Gordy Whowell’s Legacy in Fontana: Celebrating 60 Years

By Anne Morrissy

Anyone who has been to Fontana in the summer is familiar with two iconic businesses — Gordy’s Lakefront Marine and Chuck’s Lakeshore Inn. But not everyone knows that these two local landmarks have a patriarch in common — both were owned by Gordon “Gordy” Whowell and are now in the hands of his two sons — Tom and Jamie.

Though their father passed away in 1988, Tom and Jamie have taken over the family businesses and have now brought their children into the daily operations as well, in the hope that the legacy their father started will live on into the next generation. Tom and his family (wife Geri and kids Tom Jr., Rallee, Steele and Tigrr) took over Gordy’s, while Jamie and his family (wife Carol and kids Julie, Naomi, Jamie Jean and Brandee) now run Chuck’s. So chances are, if you’ve done any kind of business in Fontana, you’ve benefited from the vision of Gordy Whowell.

Gordy started his business in Fontana in 1955 and helped it grow from a small boat ride and rental business to a relative empire in Fontana — one that peddles summer fun of all kinds. Today, the Whowell family controls a majority of Fontana’s downtown lakefront business district. But it didn’t start out that way.


Back in 1944, Gordy was a young father and a salesman in an automobile dealership in Chicago’s western suburbs. One day, he agreed to take a customer’s boat in as trade, and that set the course for the rest of his life.

“He rented a house here [in Fontana] for a month, put the boat in the water and the family used the boat the whole time,” Tom remembers.

They liked it so much that the next summer, Gordy bought a house in the area and moved his family — his wife Jean and his two sons, Tom and Jamie — to Fontana permanently. “We had so much fun and my mother enjoyed it a lot, so they found a house in Indian Hills, bought it and moved us up here,” Tom adds.

“My mother didn’t want to raise the family in the city,” says Jamie. The house the family purchased in Indian Hills would turn out to be Gordy’s home for the rest of his life, and Jean’s until her death in 1971. It became a gathering spot for family and friends and one in which his employees would congregate for Sunday night dinners for years.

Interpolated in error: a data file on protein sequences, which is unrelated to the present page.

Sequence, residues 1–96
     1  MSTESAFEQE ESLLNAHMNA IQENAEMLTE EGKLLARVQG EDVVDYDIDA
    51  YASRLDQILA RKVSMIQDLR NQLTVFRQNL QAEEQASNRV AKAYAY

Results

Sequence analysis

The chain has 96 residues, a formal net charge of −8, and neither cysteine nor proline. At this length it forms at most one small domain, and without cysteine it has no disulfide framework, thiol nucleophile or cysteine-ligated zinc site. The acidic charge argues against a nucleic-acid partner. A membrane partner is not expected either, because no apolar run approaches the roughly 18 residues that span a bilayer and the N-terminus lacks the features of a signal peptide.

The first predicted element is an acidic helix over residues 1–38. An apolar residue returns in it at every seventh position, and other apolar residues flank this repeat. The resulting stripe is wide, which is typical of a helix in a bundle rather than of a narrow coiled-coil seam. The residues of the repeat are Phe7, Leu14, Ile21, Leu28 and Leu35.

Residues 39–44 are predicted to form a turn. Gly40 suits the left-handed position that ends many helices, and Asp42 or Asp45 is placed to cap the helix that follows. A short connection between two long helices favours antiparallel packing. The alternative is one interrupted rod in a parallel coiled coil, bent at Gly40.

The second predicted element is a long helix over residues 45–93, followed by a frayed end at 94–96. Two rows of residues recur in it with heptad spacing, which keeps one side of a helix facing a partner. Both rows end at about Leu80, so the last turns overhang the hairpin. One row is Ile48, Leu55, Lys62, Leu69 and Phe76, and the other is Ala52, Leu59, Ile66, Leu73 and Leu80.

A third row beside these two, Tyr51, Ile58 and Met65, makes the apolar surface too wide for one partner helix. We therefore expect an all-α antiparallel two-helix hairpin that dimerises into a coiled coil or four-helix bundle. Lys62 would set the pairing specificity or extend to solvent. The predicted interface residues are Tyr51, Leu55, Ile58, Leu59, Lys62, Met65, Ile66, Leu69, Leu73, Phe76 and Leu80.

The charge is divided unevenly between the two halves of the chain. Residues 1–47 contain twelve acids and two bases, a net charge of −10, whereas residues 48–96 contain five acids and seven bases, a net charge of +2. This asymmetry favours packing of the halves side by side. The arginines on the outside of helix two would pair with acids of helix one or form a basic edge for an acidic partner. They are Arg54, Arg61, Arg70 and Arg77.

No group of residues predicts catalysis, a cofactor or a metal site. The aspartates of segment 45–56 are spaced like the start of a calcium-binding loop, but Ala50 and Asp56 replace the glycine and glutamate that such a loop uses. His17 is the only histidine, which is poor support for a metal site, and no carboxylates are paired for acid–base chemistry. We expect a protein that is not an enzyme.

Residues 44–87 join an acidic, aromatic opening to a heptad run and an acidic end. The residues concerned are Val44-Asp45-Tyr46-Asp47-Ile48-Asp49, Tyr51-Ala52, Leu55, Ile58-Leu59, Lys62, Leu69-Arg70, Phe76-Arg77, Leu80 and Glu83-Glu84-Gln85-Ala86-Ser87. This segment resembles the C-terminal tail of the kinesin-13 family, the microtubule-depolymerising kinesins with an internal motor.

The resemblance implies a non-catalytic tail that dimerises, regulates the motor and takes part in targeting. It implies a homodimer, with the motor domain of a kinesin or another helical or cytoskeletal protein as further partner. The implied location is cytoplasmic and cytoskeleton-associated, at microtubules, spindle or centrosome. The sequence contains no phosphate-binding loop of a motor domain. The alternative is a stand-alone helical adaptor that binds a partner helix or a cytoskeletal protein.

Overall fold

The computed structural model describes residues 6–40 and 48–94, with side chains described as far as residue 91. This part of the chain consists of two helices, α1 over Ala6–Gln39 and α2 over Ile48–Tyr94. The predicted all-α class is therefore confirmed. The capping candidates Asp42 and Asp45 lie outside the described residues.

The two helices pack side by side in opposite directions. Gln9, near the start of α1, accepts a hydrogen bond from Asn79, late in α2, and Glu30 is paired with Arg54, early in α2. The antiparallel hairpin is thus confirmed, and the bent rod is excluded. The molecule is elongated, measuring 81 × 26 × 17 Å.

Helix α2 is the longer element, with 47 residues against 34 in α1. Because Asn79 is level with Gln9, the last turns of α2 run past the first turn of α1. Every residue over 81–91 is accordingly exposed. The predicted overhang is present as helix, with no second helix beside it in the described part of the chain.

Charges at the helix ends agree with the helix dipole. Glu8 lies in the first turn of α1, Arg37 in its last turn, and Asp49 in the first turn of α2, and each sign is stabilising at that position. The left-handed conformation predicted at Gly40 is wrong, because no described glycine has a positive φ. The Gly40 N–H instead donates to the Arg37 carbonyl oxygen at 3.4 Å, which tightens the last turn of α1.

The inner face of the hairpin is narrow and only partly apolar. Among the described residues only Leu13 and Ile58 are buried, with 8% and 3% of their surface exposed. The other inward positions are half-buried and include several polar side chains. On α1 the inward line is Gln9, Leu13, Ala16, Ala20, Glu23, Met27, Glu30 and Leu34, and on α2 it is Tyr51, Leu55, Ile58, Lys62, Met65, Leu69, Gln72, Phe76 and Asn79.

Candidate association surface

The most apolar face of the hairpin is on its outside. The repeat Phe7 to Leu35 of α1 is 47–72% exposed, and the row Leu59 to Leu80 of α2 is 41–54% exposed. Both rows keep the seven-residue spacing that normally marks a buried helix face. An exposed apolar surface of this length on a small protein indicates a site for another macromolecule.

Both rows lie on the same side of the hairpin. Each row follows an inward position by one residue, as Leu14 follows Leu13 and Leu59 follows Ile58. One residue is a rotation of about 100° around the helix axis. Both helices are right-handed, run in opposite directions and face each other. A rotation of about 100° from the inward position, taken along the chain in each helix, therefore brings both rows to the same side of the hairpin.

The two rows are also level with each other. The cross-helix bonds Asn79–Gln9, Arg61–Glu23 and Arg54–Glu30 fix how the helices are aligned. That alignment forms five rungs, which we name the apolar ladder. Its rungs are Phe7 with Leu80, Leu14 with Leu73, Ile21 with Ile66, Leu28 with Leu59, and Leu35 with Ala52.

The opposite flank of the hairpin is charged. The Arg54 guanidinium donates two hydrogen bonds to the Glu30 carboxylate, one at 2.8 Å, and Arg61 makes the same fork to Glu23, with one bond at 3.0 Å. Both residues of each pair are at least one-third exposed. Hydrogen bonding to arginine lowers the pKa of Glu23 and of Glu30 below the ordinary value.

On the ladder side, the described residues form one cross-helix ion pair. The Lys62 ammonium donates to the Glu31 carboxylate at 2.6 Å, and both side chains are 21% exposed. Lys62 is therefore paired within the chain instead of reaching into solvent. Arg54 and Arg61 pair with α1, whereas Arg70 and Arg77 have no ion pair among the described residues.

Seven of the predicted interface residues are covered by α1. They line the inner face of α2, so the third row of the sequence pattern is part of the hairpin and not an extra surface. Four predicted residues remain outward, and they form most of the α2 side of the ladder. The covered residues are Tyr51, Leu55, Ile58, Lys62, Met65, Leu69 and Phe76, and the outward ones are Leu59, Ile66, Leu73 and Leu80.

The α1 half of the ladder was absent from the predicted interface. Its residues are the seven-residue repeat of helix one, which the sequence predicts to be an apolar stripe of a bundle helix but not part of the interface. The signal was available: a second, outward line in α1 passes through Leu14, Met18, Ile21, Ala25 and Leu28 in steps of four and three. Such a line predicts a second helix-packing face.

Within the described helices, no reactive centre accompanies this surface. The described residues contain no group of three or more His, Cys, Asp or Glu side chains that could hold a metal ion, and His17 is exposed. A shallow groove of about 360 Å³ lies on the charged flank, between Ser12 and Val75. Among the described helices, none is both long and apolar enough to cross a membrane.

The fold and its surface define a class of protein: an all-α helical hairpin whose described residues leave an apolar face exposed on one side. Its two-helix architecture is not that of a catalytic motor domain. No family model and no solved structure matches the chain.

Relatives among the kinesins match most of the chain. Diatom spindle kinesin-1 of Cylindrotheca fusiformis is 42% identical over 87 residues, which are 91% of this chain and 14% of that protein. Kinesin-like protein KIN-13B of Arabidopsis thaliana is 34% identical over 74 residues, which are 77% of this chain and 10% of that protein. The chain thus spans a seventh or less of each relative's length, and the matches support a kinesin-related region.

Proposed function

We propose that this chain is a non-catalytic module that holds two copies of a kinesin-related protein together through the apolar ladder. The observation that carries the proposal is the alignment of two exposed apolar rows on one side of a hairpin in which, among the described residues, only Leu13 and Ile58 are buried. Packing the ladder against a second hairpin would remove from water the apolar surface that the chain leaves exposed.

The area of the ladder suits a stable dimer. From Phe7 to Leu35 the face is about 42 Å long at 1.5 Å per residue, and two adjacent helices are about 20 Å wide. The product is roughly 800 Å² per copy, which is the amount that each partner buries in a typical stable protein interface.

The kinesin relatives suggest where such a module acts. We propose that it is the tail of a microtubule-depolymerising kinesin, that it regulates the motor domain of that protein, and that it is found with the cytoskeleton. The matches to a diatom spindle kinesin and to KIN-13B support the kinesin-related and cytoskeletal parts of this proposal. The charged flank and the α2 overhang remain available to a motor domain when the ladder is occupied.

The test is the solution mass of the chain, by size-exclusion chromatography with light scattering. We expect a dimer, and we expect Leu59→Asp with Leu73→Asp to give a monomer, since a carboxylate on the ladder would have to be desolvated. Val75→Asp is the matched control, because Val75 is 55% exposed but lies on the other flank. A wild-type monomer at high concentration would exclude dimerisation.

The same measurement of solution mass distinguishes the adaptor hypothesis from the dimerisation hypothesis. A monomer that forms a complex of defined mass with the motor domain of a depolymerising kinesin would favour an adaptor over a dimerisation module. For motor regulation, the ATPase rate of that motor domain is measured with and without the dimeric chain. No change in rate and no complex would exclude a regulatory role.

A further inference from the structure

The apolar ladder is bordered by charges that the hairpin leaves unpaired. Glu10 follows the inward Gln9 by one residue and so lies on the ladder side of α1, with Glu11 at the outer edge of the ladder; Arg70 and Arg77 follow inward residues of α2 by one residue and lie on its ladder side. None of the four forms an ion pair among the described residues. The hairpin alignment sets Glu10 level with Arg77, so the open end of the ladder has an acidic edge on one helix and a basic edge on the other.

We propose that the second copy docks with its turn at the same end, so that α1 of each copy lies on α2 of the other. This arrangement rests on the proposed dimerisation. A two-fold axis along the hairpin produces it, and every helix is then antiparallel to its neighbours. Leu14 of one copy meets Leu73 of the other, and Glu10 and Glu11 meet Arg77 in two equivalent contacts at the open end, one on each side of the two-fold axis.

Gordy continued to commute to the auto dealership in Illinois, and supplemented the family’s income with a variety of jobs including rural route mail carrier and selling cars in the auto auction in Fontana.

About 10 years later, in 1955, he became a partner in a small summer business on the lakefront in Fontana that offered speedboat rides to visitors.

Though the idea of a speedboat ride business may seem quaint today, in the 1950s the only boats on the lake were classic yachts and small fishing boats. Faster, modern speedboats were such a novelty at the time that speedboat ride businesses sprang up in Lake Geneva, Williams Bay and Fontana. Gordy’s motto at the time was “a millionaire’s thrill for one thin bill.” (His speedboat rides cost just one dollar.) These rides proved so popular that Gordy’s business quickly evolved into boat rentals and boat sales, as customers clamored for their chance to spend time on the lake in the trendy new boats.

“We bought six boats and started renting these big-engine things,” Tom remembers. “At one time we were probably the biggest boat renter in the state of Wisconsin. People would line up out our door in the morning in the ’60s just to rent a boat. We had different boat [manufacturers] custom-make boats for us for rental. We had them tailored where they were more utilitarian, more functional, easy to clean … and tried to make them as safe as we could.”


One of Gordy’s competitors on the lakeshore in Fontana at the time was a small bait and tackle shop on the site of the current burger shack (cheekily named Gordy’s Bait Shop in honor of its predecessor.) The bait and tackle shop also rented a few fishing boats, and shortly after Gordy’s boat rental business began to take off, the owner of the bait shop approached him wanting to sell. Entrepreneurial in spirit and already invested in the Fontana business district, Gordy jumped at the chance and added the bait and tackle shop to his now-growing portfolio in the 1960s.